Born in London in 1951, Peter earned a degree in Japanese from the University of London's School of Oriental and African Studies (SOAS). An expert on diverse forms of popular music, Peter is also a well-known TV and radio presenter. He has lived in Japan for 40 years and has a deep understanding of the language and culture.
Fernando Lopez originally hails from Guatemala in Central America. He is now the chef-owner of Lopez, an okonomiyaki restaurant that shares his name, in Hiroshima. Lopez first came to Japan in 1996 and got his start working at a well-established okonomiyaki restaurant. He eventually opened his own place in 2000. While he does cook using more traditional okonomiyaki flavors, Lopez has also branched out and created his own original version that has cheese and jalapeños as toppings. Hiroshima is widely known for its okonomiyaki culture, and within the city limits alone, it’s said there are over 800 okonomiyaki establishments. Despite that, Lopez is ranked among the top 20 most popular restaurants on dining review sites.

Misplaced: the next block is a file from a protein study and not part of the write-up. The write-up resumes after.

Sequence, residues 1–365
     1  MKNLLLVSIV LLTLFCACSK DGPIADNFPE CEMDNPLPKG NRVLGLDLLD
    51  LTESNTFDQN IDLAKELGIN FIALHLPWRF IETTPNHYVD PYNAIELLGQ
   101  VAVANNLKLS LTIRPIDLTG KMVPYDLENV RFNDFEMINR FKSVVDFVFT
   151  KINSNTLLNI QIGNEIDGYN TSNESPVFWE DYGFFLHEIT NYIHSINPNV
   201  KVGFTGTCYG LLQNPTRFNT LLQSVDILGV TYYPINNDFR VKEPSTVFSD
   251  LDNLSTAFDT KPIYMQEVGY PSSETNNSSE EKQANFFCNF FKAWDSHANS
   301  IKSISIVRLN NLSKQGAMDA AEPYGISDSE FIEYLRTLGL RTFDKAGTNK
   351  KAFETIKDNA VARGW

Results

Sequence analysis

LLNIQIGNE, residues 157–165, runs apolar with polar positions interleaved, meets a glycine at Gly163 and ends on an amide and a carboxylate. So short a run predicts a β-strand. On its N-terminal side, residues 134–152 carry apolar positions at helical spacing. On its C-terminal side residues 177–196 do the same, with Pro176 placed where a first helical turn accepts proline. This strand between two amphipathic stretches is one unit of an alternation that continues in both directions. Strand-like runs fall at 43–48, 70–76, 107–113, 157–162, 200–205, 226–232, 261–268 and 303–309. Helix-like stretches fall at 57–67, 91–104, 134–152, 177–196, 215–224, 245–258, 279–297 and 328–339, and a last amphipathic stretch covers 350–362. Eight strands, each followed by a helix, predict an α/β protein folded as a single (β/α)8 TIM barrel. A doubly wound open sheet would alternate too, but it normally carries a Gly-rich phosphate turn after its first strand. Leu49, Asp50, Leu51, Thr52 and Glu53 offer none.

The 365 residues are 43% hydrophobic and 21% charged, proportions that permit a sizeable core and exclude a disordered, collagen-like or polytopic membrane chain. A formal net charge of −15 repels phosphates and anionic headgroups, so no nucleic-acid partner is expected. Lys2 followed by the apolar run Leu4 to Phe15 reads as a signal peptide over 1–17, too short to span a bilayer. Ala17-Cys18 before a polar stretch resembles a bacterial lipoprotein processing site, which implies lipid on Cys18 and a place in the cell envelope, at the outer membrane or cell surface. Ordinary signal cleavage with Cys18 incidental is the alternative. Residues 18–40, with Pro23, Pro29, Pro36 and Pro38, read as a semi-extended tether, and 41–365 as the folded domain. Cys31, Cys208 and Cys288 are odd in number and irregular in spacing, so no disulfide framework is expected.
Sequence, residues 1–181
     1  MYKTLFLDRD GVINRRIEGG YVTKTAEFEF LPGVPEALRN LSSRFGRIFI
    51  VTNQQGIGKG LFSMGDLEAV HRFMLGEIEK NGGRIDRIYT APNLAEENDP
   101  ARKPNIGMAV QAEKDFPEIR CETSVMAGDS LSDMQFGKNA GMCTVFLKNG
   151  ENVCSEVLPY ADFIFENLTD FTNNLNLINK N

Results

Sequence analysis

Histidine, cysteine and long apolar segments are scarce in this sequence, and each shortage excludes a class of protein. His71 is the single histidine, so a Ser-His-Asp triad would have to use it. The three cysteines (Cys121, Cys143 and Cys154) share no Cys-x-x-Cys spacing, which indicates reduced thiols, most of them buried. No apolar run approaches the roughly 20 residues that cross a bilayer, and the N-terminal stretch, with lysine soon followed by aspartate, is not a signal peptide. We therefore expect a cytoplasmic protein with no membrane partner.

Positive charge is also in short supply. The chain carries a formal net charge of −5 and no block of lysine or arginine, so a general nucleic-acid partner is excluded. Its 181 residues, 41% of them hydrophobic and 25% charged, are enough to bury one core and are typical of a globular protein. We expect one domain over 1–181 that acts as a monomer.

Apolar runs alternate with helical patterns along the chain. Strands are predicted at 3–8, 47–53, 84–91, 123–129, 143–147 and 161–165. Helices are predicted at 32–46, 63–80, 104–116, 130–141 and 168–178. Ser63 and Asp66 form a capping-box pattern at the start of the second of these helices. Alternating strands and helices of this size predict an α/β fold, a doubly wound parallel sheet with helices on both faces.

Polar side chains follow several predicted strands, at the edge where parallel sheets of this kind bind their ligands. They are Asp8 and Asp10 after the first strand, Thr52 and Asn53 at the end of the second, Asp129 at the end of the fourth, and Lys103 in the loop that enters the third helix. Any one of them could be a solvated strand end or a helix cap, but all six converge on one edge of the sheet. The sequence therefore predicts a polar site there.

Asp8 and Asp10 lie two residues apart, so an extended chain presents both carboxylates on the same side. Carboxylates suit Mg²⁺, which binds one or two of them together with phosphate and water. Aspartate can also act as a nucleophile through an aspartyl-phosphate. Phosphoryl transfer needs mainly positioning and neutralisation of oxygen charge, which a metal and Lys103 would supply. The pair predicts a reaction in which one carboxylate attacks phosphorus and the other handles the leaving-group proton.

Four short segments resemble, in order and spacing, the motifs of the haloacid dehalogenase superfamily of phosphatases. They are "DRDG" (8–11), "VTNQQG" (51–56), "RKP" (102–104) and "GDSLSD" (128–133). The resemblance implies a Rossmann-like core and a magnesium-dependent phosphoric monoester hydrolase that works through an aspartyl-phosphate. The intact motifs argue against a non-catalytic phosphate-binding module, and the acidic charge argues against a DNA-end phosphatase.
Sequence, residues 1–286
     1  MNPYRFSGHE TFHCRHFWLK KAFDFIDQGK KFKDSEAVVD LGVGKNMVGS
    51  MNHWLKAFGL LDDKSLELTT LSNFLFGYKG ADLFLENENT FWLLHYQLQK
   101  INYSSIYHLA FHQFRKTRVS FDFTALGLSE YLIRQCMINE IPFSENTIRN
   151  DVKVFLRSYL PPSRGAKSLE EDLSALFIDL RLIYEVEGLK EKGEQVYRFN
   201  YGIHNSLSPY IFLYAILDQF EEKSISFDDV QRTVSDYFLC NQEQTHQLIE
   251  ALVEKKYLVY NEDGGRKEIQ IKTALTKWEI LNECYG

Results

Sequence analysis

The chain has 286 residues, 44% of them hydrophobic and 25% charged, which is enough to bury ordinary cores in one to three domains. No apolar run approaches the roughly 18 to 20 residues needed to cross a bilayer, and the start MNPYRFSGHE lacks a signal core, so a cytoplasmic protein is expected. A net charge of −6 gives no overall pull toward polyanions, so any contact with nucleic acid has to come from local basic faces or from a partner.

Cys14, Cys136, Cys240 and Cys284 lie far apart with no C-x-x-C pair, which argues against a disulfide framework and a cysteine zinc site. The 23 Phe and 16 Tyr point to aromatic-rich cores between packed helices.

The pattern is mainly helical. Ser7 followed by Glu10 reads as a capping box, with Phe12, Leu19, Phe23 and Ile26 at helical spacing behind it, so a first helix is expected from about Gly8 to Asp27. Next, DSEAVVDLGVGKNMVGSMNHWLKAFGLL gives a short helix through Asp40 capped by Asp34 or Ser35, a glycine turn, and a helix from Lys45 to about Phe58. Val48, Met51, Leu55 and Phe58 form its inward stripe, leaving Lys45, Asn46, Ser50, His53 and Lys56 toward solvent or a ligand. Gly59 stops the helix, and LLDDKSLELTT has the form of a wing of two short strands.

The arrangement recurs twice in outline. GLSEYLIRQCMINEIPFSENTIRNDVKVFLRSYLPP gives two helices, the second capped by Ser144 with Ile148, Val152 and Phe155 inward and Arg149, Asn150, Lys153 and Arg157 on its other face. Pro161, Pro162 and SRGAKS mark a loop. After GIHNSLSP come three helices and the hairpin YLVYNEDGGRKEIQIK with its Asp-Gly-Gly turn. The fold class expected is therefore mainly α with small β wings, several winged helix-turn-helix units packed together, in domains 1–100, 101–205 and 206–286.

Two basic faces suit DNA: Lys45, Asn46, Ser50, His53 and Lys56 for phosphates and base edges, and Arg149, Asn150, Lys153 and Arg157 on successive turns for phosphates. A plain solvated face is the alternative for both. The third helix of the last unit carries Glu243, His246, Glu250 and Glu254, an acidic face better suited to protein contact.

November 21, 2017
Japanophiles: Fernando Lopez
*You will leave the NHK website.
Visit the restaurant called Lopez in Hiroshima, and between the name and the flag outside, you’d be forgiven for assuming it serves up Guatemalan cuisine. But enter the restaurant, and you’ll find it’s actually dedicated to okonomiyaki, the city’s traditional soul food. In all likelihood, the place will be packed with happy customers.
How did Guatemalan Fernando Lopez come to master this Japanese delicacy and what draws so many customers to his establishment? That’s the subject of this Japanophiles edition of Japanology Plus.
While not quite as well-known abroad as sushi or ramen, okonomiyaki is one of Japan’s signature comfort dishes. Sometimes described as a "savory pancake," okonomiyaki is made of a crepe-like base loaded with cabbage, pork and other ingredients both cooked and eaten on a large griddle.
Okonomiyaki is cooked before your very eyes, then cut and eaten with a metal spatula.